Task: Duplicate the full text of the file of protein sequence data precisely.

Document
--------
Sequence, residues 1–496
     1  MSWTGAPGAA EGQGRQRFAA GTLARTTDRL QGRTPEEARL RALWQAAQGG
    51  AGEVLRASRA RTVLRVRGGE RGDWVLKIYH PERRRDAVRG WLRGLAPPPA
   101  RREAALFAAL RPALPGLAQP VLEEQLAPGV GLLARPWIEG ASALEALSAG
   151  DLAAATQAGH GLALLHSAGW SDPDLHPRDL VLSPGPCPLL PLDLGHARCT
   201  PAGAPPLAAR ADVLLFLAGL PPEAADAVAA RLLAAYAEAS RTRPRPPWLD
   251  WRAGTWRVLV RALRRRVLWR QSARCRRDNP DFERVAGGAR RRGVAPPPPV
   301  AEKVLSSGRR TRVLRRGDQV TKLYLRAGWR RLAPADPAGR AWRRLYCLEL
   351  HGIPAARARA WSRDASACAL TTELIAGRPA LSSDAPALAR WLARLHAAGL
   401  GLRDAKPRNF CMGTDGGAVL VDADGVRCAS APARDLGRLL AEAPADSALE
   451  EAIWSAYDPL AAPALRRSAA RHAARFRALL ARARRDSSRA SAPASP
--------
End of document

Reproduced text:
Sequence, residues 1–496
     1  MSWTGAPGAA EGQGRQRFAA GTLARTTDRL QGRTPEEARL RALWQAAQGG
    51  AGEVLRASRA RTVLRVRGGE RGDWVLKIYH PERRRDAVRG WLRGLAPPPA
   101  RREAALFAAL RPALPGLAQP VLEEQLAPGV GLLARPWIEG ASALEALSAG
   151  DLAAATQAGH GLALLHSAGW SDPDLHPRDL VLSPGPCPLL PLDLGHARCT
   201  PAGAPPLAAR ADVLLFLAGL PPEAADAVAA RLLAAYAEAS RTRPRPPWLD
   251  WRAGTWRVLV RALRRRVLWR QSARCRRDNP DFERVAGGAR RRGVAPPPPV
   301  AEKVLSSGRR TRVLRRGDQV TKLYLRAGWR RLAPADPAGR AWRRLYCLEL
   351  HGIPAARARA WSRDASACAL TTELIAGRPA LSSDAPALAR WLARLHAAGL
   401  GLRDAKPRNF CMGTDGGAVL VDADGVRCAS APARDLGRLL AEAPADSALE
   451  EAIWSAYDPL AAPALRRSAA RHAARFRALL ARARRDSSRA SAPASP